Amazon Summit 2023
The Belém declaration – a recipe for hope for the Amazon rainforest
The eight Amazon countries have agreed on an ambitious plan to protect the Amazon rainforest. "International leaders must seize this moment", urges Rainforest Foundation Norway.
“This plan has the right ingredients to succeed with improved protection of the Amazon, especially the joint efforts to collaborate in combating illegal activities and improving the land rights of forest peoples. If the rest of the world mobilizes behind this plan with financial support and by making sure the goods we import are deforestation-free, we would have a recipe for hope”, says Anders Haug Larsen, Head of International Advocacy at Rainforest Foundation Norway.
Extensive areas for collaboration
The final declaration sets out a series of areas for collaboration among the Amazon countries, such as combating transnational forest crime and deforestation, protection of indigenous people, sustainable forest economies and an Amazon-specific science panel on climate change.
“We expect that the Pan-Amazon collaboration on combating illegal activities in the Amazon will become especially important, with criminality being allowed to rage freely, particularly in the border areas,” says Haug Larsen.
Illegal activity is the source of most of the deforestation seen in the Amazon as well as exposing forest people to threats and violence. More coordinated efforts on police collaboration, air space surveillance and exchange of information to combat illegal mining are some of the concrete plans between the countries.
Emphasis on securing Indigenous rights
“We’re also pleased to see the emphasis on the importance of securing Indigenous peoples' land rights, including a special mention of Indigenous peoples in self-determined isolation. They are under constant threats and land rights will not only give them better protection, it will also prevent deforestation and protect the rich biodiversity within these territories,” says Haug Larsen. Two areas overlapping the Brazil-Peru border form the world’s most extensive continuous territories of indigenous peoples that are yet to establish contact with the outside world. They measure an area larger than the UK, but they are not fully recognised as protected areas.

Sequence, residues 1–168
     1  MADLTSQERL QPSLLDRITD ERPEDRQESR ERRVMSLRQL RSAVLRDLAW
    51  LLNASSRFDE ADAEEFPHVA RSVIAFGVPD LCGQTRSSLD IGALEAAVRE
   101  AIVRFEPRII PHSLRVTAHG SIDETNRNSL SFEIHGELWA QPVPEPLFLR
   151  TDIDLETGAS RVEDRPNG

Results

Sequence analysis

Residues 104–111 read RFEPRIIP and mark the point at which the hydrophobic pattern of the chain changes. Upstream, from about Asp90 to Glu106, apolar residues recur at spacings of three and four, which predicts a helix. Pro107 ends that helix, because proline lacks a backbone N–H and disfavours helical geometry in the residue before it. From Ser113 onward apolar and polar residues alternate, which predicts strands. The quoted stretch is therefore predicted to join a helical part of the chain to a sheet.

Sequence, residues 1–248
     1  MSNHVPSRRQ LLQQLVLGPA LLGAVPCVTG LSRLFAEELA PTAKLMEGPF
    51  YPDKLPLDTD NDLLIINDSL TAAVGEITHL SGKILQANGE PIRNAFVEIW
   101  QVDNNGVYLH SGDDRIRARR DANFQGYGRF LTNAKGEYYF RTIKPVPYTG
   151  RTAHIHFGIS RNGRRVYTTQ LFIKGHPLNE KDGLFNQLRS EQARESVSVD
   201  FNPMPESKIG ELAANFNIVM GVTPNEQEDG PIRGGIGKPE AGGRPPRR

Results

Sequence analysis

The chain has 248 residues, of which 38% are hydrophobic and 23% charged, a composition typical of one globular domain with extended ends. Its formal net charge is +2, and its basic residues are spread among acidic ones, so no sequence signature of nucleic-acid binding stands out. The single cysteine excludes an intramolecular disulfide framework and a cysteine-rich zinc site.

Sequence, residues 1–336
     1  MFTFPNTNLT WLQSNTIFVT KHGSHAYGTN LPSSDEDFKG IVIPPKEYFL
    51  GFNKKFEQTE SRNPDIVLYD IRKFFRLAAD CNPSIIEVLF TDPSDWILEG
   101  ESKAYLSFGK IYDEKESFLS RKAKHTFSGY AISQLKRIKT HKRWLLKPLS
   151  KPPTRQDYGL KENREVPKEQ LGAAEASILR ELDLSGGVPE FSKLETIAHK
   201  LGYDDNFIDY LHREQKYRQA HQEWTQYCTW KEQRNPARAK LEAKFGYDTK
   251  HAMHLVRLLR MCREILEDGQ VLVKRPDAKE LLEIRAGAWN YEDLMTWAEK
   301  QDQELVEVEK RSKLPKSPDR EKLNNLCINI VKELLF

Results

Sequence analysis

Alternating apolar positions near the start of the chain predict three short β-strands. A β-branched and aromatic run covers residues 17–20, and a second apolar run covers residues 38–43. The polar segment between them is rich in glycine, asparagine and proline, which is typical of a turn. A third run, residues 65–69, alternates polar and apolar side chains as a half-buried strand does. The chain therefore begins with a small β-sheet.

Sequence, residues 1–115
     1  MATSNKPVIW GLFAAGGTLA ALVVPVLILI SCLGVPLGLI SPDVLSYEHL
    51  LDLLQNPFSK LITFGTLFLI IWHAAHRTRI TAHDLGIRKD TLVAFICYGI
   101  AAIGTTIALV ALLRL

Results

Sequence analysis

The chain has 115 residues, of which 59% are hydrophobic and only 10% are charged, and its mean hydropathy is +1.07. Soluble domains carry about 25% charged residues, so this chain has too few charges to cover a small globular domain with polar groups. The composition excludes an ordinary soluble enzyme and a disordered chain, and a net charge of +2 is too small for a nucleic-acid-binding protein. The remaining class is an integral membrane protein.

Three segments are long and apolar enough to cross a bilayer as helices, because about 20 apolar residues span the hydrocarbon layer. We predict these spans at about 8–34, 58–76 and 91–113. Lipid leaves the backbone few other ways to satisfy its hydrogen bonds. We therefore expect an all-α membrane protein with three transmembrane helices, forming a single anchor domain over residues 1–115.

The declaration is also promoting sustainable socio-economic models that ensure standing forests and the sustainable use of biodiversity resources in the Amazon. “We won’t be able to save the Amazon rainforest without the people who live there. There is a need for a diversity of forest economy solutions to counter the trend of agricultural commodities as the dominant economic model for the pan Amazon,” says Haug Larsen.
“Securing the Amazon is the single largest climate mitigation measure imaginable over the next few years. After a summer of record-breaking temperatures, forest fires and extreme weather we need to look for quick climate wins, and protecting the Amazon is the best place to put your money”, says Haug Larsen.
No agreement on joint zero deforestation targets
The final declaration however fell short of agreeing on a joint zero deforestation target, despite all countries previously having committed to “halt and reverse forest loss and land degradation by 2030”1. The declaration also avoided direct mention of limiting oil and gas exploration in the Amazon.
“Inclusion of a joint zero deforestation target would have been an important guiding star for the agreement. The agreement would also be strengthened by highlighting bans or limits for oil and gas exploration and other direct drivers of deforestation. Still, we believe that proper implementation of the agreement would regardless be a giant leap in the right direction,” says Haug Larsen.